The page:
Lord Jesus Christ, to Us Attend

Tune: Herr Jesu Christ, dich zu uns wend

  1. Lord Jesus Christ, to us attend,
    Thy Holy Spirit to us send,
    With grace to rule us day by day,
    And lead us in true wisdom’s way.

  2. Teach Thou our lips to sing Thy praise,
    Our hearts in true devotion raise.
    Our faith increase, and grant us light
    That we may know Thy name aright;

  3. Until we join the hosts that cry,
    “O holy, holy Lord most high!”
    And in the light of that blest place
    Shall gaze upon Thee face to face.

  4. All glory be to Father, Son,
    And Holy Spirit, Three in One!
    To Thee, O holy Trinity,
    Be praise throughout eternity!

Herr Jesu Christ, dich zu uns wend
Attr. Wilhelm II, Duke of Saxe-Weimar, 1651
Tr. Catherine Winkworth, alt.
Source: Evangelical Lutheran Hymn-Book, 1930, No. 1, alt.


German Text

Tune: Herr Jesu Christ, dich zu uns wend

  1. Herr Jesu Christ, dich zu uns wend,
    Dein Heilgen Geist du zu uns send,
    Mit Hilf und Gnad er uns regier
    Und uns den Weg zur Wahrheit führ.

  2. Tu auf den Mund zum Lobe dein,
    Bereit das Herz zur Andacht sein,
    Den Glauben mehr, stärk den Verstand,
    Daß uns dein Nam wird wohl bekannt.

  3. Bis wir singen mit Gottes Heer:
    Heilig, heilig ist Gott, der Herr!
    Und schauen dich von Angesicht
    In ewger Freud und selgem Licht.

  4. Ehr sei dem Vater und dem Sohn,
    Dem Heilgen Geist in einem Thron,
    Der heiligen Dreieinigkeit
    Sei Lob und Preis in Ewigkeit.

Attr. Wilhelm II., Herzog zu Sachsen-Weimar, 1651
Source: C.F.W. Walther’s Kirchen-Gesangbuch, 1898 printing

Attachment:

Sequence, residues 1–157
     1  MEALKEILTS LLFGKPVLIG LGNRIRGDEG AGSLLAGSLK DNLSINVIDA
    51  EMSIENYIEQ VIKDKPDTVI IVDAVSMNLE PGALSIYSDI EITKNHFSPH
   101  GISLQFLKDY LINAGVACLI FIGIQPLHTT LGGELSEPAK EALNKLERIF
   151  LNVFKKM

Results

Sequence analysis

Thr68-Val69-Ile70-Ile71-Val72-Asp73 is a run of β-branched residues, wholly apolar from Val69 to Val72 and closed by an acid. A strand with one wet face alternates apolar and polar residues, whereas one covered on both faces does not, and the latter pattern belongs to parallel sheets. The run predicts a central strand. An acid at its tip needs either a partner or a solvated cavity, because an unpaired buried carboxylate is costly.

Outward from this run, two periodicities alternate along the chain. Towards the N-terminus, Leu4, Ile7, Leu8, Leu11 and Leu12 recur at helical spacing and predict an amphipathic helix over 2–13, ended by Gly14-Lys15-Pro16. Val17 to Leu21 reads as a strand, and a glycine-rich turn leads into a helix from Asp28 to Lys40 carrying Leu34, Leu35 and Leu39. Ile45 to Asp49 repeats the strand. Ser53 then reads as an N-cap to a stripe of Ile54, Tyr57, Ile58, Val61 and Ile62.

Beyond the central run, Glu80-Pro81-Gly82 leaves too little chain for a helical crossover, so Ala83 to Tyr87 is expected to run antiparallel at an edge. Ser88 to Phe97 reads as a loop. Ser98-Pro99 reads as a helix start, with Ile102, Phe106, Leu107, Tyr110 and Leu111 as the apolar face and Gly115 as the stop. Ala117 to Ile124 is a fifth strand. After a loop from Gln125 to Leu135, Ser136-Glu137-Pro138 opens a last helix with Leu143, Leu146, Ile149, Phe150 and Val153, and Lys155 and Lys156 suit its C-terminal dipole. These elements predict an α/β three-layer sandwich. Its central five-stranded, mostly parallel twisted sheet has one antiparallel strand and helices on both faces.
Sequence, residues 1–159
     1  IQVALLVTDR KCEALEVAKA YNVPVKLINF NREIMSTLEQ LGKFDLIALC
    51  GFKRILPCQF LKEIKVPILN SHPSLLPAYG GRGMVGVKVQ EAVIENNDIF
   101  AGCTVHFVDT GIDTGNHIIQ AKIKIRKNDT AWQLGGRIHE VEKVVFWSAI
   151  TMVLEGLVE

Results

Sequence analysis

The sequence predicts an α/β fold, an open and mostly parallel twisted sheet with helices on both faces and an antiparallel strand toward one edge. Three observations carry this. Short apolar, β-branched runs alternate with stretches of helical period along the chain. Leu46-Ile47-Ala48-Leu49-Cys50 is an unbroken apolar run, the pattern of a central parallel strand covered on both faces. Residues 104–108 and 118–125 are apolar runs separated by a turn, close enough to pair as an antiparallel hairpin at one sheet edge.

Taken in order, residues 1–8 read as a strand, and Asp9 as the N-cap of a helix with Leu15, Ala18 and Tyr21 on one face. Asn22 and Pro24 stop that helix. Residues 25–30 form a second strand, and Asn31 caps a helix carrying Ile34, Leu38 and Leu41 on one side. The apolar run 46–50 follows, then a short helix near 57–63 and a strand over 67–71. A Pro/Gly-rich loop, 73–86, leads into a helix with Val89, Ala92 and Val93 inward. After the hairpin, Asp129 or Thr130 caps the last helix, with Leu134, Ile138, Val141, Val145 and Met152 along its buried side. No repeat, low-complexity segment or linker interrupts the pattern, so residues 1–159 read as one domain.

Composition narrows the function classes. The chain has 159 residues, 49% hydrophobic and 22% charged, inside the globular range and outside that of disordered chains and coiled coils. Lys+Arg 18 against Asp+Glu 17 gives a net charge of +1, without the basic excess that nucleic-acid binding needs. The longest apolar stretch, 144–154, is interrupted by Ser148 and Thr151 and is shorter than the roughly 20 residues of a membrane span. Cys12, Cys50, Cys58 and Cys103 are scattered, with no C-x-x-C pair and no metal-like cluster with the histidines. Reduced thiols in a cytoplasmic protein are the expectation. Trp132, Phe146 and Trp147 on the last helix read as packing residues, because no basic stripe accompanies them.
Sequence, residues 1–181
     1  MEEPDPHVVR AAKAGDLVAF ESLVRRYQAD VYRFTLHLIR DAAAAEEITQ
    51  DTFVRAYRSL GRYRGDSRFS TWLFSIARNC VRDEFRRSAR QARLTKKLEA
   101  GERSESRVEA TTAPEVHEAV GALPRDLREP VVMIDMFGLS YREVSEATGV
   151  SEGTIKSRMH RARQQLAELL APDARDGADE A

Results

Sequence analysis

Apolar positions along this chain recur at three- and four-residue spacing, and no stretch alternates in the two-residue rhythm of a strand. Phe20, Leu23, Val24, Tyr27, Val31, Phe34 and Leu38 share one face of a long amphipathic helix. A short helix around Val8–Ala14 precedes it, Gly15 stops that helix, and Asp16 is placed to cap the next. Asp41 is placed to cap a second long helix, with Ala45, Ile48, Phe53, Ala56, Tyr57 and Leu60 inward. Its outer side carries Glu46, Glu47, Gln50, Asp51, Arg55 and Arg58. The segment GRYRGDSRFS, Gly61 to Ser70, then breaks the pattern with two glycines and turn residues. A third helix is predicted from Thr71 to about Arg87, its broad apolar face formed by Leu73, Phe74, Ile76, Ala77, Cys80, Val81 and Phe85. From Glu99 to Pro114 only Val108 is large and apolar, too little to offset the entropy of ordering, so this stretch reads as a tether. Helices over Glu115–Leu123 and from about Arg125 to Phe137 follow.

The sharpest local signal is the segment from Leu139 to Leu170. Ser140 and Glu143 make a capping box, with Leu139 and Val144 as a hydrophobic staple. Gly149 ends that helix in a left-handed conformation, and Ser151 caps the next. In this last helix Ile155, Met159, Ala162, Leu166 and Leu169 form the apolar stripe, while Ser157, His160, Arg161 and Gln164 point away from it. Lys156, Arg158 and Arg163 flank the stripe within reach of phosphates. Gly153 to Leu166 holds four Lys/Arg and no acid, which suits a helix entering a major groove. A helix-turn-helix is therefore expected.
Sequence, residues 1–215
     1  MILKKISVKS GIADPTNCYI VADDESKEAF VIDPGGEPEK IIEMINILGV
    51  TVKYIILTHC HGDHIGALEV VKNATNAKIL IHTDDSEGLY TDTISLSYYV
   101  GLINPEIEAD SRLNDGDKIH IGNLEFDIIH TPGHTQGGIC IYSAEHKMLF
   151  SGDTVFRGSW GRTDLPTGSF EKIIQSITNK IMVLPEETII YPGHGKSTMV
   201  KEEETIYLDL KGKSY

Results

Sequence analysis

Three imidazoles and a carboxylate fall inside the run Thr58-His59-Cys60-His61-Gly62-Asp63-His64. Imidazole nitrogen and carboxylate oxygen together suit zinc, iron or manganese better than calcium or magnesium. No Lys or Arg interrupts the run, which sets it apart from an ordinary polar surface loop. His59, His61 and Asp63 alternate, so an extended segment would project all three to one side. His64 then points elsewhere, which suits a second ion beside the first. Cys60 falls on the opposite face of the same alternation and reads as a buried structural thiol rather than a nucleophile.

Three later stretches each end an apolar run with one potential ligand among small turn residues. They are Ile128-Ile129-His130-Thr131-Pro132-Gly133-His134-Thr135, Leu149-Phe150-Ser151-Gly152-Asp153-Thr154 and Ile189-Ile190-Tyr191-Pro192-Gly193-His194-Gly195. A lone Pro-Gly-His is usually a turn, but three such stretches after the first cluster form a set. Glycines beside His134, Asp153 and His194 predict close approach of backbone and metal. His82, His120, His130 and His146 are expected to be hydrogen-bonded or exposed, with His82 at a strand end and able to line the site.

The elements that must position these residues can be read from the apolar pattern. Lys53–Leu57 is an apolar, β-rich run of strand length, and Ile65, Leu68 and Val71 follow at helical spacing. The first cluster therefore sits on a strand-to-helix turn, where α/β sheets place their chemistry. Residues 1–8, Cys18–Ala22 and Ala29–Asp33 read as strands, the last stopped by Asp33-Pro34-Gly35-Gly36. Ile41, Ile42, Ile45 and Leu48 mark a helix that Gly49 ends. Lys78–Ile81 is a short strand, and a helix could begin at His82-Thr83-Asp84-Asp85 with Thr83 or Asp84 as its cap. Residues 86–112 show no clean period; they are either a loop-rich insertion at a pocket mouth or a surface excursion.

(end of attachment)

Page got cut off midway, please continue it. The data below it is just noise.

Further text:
Author: Unknown; attr. Wilhelm II, Duke of Saxe-Weimar
Origin: Before 1643
Source: Sts. 1–3, Lutherisch Hand-Büchlein, Johann Niedling, Altenburg, 1651; st. 4, Cantionale Sacrum, Gotha, 1651

The earliest extant source for this text is Johann Niedling’s Lutherisch Hand-Büchlein, Altenburg, 1651 (Koch, Geschichte des Kirchenlieds und Kirchengesangs, VIII,149, refers to an edition of 1638, which has since been lost; Fischer/Tümpel II,73 refers to an edition of 1648, also lost; a scan of a later sixth edition, 1668, is available here), which includes only the first three stanzas under the superscription, “The Pious Christian’s Little Sigh of the Heart for Grace and the Aid of the Holy Ghost, during the Divine Service in the Church, before the Sermon.” The fourth, concluding doxological stanza first appears in the Cantionale Sacrum, Gotha, 1651, under the superscription, “To be sung before the Sermon.” A 1936 handbook (Ernst Schmidt, Führer durch das neue Gesangbuch der Evang.-Luth. Kirche in Bayern rechts des Rheins, Erlangen, 1936) includes an unverifiable reference to an otherwise unknown handwritten “Gochsheimer Gesangbuch,” Redwitz, 1643, which reportedly includes the text and its proper melody with an ascription to a “Cantionale Germanicum,” 1628, also unknown. The attribution to Wilhelm II, Duke of Saxe-Weimar, is first made in the Altdorf Liederfreund, 1676, and is unlikely. The hymn became standard throughout Lutheran Germany as an opening hymn.